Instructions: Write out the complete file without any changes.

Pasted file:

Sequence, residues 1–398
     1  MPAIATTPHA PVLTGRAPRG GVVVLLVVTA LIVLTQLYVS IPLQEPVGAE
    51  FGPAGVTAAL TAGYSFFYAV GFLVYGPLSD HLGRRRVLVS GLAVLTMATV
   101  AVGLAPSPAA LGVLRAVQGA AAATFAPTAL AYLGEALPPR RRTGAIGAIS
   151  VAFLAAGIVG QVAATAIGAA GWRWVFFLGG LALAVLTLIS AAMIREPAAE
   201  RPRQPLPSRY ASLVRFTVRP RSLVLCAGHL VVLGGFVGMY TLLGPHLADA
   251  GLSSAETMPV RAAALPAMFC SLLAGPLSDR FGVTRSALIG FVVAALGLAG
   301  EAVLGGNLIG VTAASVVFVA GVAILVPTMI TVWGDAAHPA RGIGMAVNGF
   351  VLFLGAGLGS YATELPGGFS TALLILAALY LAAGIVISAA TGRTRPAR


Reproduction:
Sequence, residues 1–398
     1  MPAIATTPHA PVLTGRAPRG GVVVLLVVTA LIVLTQLYVS IPLQEPVGAE
    51  FGPAGVTAAL TAGYSFFYAV GFLVYGPLSD HLGRRRVLVS GLAVLTMATV
   101  AVGLAPSPAA LGVLRAVQGA AAATFAPTAL AYLGEALPPR RRTGAIGAIS
   151  VAFLAAGIVG QVAATAIGAA GWRWVFFLGG LALAVLTLIS AAMIREPAAE
   201  RPRQPLPSRY ASLVRFTVRP RSLVLCAGHL VVLGGFVGMY TLLGPHLADA
   251  GLSSAETMPV RAAALPAMFC SLLAGPLSDR FGVTRSALIG FVVAALGLAG
   301  EAVLGGNLIG VTAASVVFVA GVAILVPTMI TVWGDAAHPA RGIGMAVNGF
   351  VLFLGAGLGS YATELPGGFS TALLILAALY LAAGIVISAA TGRTRPAR